I just found out that I've been moved from a regular 1st grade classroom to a 1st/2nd split for the upcoming school year. I'm a little anxious about this; I'm not quite sure how to teach 2 curricula at the same time. If you've taught a split, or have them in your school, any advice of any kind would be greatly appreciated!

I taught a 4/5 and a 2/3 split. I really enjoyed it. Here's how I did it: Math: I taught math workshop. So the kids had stations that they rotated to. I had 4 stations (4 groups). I had two groups of 2nd graders and two groups of 3rd graders. When they moved around the room to the various stations, they worked on their own grade level material. When they came to my station (where I taught the lesson) j taught the lesson for their grade. It worked out very well. Reading: reading workshop is already differentiated so it worked out well. I just combined mini lessons to make sure that I hit all of the content for each grade. Sometimes I'd meet with one grade while the othe grade worked on independent reading or daily 5. Writing: it was tricky. The writing curriulum was very different in my district. I usually met in small groups and the kids wrote different pieces. Science/social studies: My kids rotated classroom. I taught all of second grade, and my third graders went to a third grade teacher. Try to see if the teachers in your building are willing to do this.

I've taught 1/2, 2/3 and 3/4. I do math workshop, readers workshop, and writers workshop. I combined social studies and science and we did it whole class. Our FOSS kits are for grades 1/2 so they work for both levels, and I design my own social studies based on state standards, so I could easily combine that too. Sometimes my mini-lessons in math or reading would be more geared toward one grade or another, and the rest of the kids would sort of just take their time to learn it or it would be review. I did do small groups for phonics/spelling. I would have the other kids do centers or independent work while I took the small groups.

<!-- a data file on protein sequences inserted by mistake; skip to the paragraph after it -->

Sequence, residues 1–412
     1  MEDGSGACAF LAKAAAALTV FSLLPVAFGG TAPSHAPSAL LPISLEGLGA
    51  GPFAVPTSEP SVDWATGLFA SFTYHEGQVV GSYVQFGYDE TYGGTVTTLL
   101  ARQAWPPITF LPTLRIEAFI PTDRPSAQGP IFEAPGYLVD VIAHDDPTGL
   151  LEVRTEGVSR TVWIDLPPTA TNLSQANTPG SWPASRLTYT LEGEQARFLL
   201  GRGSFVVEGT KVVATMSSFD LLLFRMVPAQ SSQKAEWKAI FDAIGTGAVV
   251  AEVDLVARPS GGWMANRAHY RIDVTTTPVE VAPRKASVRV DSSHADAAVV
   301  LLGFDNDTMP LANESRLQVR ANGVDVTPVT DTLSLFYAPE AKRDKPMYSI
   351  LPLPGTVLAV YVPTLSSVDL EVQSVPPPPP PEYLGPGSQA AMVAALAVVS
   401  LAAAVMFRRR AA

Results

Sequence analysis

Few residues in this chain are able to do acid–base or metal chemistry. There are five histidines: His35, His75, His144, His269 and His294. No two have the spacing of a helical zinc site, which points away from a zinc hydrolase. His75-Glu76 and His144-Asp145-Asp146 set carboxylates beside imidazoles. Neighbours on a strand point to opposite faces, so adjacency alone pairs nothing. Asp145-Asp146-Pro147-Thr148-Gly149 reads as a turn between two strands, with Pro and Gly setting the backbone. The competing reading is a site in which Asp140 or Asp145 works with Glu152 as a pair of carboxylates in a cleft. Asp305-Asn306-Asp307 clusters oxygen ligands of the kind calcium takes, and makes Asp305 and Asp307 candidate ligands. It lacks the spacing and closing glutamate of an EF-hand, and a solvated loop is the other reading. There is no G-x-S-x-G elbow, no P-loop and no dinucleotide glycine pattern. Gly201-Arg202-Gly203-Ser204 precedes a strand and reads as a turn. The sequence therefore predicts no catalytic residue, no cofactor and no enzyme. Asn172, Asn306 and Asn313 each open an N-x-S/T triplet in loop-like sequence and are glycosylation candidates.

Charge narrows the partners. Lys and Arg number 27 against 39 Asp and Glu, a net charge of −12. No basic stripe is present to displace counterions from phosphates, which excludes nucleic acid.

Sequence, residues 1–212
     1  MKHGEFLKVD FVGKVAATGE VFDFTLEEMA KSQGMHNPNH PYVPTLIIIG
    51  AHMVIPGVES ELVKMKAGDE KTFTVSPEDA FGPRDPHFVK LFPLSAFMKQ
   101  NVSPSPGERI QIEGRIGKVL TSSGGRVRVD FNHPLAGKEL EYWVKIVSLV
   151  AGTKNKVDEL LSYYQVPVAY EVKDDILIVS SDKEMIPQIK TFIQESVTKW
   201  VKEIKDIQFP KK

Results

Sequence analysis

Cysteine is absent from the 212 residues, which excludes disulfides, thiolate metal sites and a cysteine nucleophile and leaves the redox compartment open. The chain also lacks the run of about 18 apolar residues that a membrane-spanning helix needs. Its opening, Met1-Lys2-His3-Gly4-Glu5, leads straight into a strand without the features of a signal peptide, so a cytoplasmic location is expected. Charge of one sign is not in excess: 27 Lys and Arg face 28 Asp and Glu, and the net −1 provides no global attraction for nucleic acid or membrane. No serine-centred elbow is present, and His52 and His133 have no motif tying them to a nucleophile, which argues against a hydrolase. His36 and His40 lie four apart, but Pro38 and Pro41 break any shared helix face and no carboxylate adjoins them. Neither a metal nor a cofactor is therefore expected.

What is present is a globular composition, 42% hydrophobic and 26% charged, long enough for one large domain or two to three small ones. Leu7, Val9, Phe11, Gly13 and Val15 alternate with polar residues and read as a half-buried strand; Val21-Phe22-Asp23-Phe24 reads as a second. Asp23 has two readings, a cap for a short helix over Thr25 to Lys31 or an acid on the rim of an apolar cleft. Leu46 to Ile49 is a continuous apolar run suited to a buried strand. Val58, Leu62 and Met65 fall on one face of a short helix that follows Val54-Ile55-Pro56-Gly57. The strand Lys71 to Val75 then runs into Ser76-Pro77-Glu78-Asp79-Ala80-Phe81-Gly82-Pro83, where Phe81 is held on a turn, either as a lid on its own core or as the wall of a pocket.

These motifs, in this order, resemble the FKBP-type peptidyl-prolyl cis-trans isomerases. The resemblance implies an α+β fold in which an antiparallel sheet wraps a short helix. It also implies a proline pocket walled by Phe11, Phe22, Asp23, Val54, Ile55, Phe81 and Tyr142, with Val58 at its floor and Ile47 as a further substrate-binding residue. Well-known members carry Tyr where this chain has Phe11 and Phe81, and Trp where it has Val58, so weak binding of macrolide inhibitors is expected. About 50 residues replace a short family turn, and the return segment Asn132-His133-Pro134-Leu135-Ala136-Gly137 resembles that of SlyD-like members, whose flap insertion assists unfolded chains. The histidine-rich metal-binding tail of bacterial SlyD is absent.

Try Daily 5 for reading. For math, I would practice fact s together. Then have 4 small groups. 1. new/current concept with me 2. Practice #1 (ideally have an aide available to help) 3. problem solving 4. old concept or game

A couple of years ago, my school had a 2/3 combo class. I think the class had 8 second graders and 12 third graders (this was back in the days when we had a 20:1 ratio)! Anyway, the 2nd graders were deployed to the other four 2nd grade teachers during the entire language arts block. Thus, I had two extra students for the entire morning, but it wasn't bad at all. In fact, none of the four 2nd grade teachers complained about having two extra students each. During math, though, the teacher had both 2nd and 3rd grade together. I believe she taught her 2nd graders first (while her 3rd graders worked independently) and then when her 2nd graders were ready to work independently, she pulled her 3rd graders to teach their lesson.

I am moving to 1/2 next year also. I have been teaching 1st for several years. I am planning on revamping the curriculum to make the math more concept oriented and workshop. I also will be making the reading into much more guided reading with Daily Five to help.

I taught a 1/2 Multi-age (our principal hated the word "split") for the last 3 years. It's not that different if you do guided reading, writer's workshop and have a science and social studies rotating system. Math was by far the hardest thing to deal with. I had to have math groups similar to guided reading. Luckily I have had a para and an intern to help manage the groups. The one thing I was thankful for about moving to 5th this year is that I won't have to deal with Multi-age anymore. To be honest I'm not a huge fan of it.

Thank you everyone for all the advice! I will have some of my old students from last year, which will help, but the majority of the class (at 28 right now) will be new to me. Math is what I'm most concerned about, thanks for the tips! Good luck to you too, emonkey, hope it works out as well!